Michael Helander’s light emitting diode is simpler and potentially cheaper to manufacture than existing versions.
By Tyler Irving
Posted June 2011
Organic light emitting diodes (OLEDs) can replace liquid crystal displays (LCDs) in such things as cell phones but, due to their complexity, are costly to produce. This could soon change, thanks to an accidental discovery by Michael Helander, a graduate student in the University of Toronto’s Department of Materials Science & Engineering.
OLEDs are made of thin films of luminescent organic molecules sandwiched between two electrodes. When properly arranged and supplied with an electrical current, they can produce a full-colour, flat panel display. The upper surface is made of indium tin oxide (ITO), which is both electrically conductive and partially transparent. This design is problematic however, as there is a gap between the energy needed to remove an electron from the organic layer and the energy required for the ITO to accept it. Current designs bridge this gap using additional layers of transparent organic materials, but each layer adds enormously to the cost of production.
Helander hit on a unique approach after noticing that the efficiency of one of his experimental batches of OLEDs was unexpectedly high. X-ray photoelectron spectroscopy revealed traces of chlorine on the ITO surface. “We were baffled,” says Helander. “Where was this coming from? Then we realized that someone in the lab had solvent bottles open.” Fumes from the chlorinated solvents, reacting with the ultraviolet light used to clean the ITO, had deposited a thin layer of indium chloride on the ITO surface. This allowed the ITO to accept lower energy electrons. The result was an OLED that works at high efficiency without the need of additional organic transport layers.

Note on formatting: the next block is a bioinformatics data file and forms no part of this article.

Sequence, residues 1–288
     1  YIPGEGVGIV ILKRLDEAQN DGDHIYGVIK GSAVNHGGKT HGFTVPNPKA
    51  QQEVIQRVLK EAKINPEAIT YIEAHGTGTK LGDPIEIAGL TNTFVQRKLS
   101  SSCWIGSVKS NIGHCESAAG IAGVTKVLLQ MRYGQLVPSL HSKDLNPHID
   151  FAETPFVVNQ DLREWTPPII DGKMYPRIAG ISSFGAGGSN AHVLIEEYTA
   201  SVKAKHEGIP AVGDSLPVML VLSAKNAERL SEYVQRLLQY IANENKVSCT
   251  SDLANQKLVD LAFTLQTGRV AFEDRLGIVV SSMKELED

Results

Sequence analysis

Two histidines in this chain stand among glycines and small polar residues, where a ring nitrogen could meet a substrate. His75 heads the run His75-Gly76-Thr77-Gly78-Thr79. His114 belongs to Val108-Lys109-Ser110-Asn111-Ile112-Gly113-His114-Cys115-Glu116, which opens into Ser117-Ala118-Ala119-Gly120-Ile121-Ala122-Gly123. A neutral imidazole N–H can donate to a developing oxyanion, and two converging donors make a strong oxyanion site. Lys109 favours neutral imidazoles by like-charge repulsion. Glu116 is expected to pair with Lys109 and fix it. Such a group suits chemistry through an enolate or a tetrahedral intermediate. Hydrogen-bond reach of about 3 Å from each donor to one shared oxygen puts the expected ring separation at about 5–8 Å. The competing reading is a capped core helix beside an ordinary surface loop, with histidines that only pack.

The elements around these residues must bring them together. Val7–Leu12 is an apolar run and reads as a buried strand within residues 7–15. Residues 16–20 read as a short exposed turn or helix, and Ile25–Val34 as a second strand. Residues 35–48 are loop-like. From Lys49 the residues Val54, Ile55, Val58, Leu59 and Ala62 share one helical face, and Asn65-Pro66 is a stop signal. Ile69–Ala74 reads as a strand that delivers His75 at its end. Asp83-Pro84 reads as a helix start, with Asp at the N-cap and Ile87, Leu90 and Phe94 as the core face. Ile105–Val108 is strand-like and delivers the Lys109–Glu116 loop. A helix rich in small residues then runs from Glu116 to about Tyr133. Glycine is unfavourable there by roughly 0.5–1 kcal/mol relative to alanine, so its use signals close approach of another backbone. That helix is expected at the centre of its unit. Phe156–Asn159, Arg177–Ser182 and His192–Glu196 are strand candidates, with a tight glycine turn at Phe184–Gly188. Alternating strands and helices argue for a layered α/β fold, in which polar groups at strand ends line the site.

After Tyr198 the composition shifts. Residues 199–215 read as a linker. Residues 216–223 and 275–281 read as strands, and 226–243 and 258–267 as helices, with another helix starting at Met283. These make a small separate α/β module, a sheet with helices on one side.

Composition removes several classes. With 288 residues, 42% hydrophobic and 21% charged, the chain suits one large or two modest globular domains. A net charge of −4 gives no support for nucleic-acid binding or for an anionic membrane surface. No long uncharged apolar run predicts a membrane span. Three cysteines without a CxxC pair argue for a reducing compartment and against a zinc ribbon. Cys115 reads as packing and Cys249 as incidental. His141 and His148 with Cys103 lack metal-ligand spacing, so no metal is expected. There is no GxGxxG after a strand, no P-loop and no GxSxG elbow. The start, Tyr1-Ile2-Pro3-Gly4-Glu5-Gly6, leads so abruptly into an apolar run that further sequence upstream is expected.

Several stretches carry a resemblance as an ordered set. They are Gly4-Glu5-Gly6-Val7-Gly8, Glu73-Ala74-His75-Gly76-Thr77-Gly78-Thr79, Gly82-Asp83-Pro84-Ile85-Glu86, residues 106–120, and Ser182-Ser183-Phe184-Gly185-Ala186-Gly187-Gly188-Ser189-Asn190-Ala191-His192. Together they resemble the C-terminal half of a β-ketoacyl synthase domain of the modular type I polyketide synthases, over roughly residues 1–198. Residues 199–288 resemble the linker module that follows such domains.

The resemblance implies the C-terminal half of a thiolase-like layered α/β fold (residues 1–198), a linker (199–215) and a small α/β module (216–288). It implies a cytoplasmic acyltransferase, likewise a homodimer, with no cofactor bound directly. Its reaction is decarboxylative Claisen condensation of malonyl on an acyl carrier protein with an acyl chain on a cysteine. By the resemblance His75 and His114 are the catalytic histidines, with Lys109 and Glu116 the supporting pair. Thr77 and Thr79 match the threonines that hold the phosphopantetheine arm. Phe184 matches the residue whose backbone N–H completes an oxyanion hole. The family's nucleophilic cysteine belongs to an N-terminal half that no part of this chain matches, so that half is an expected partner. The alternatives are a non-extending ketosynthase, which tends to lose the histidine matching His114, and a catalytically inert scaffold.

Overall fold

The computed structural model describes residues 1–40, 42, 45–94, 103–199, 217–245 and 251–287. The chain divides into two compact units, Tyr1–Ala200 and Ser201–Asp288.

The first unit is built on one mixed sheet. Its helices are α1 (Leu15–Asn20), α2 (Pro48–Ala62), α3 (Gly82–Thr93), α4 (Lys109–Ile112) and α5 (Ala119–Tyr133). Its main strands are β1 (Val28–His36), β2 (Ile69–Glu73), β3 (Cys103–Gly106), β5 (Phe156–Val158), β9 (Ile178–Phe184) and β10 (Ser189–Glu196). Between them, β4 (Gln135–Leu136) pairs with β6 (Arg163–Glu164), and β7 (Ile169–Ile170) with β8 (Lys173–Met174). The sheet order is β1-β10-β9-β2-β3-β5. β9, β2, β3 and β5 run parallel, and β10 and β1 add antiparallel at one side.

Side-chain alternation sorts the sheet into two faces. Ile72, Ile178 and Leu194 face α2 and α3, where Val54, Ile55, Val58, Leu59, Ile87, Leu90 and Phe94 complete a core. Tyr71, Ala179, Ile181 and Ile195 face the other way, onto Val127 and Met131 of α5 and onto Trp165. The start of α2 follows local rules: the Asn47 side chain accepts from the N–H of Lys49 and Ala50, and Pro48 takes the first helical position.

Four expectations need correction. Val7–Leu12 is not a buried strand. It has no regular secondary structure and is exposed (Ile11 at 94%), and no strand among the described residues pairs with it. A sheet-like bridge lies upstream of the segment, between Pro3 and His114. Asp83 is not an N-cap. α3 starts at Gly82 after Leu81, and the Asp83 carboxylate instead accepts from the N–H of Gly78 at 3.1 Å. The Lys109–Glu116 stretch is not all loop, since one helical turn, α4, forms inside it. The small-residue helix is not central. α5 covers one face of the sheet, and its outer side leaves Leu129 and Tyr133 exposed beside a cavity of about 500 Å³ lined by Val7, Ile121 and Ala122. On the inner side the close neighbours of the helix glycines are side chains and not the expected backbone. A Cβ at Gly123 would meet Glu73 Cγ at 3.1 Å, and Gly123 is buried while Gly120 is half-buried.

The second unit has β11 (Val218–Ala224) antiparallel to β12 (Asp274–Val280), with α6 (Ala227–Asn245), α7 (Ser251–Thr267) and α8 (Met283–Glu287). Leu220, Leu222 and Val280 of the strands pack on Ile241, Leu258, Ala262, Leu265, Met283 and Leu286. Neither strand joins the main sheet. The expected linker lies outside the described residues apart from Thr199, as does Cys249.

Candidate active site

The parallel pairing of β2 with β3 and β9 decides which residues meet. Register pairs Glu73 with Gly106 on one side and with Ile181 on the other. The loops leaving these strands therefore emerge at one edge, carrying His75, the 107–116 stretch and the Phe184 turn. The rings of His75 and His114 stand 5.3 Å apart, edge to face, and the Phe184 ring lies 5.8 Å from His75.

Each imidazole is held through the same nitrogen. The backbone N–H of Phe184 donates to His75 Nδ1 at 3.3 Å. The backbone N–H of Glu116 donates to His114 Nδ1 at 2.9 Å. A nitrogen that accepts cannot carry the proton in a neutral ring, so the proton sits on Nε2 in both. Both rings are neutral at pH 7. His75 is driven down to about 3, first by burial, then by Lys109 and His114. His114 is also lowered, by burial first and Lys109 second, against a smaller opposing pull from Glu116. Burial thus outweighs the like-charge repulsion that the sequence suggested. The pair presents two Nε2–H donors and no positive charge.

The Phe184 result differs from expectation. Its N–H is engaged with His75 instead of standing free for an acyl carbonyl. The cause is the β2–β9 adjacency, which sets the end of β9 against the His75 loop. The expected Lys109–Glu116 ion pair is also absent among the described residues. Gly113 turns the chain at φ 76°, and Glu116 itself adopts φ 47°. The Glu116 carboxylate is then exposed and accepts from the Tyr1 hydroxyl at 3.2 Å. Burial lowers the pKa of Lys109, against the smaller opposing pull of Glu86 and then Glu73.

“People tried to do this years ago,” says Helander. “The problem was that most forms of chlorine are highly reactive and tend to etch away ITO. The breakthrough here was to start with a relatively inert chlorine-containing organic compound.” Helander hopes the innovation will make OLEDs more competitive with LCD technology.
Photo Credit: Michael Helander
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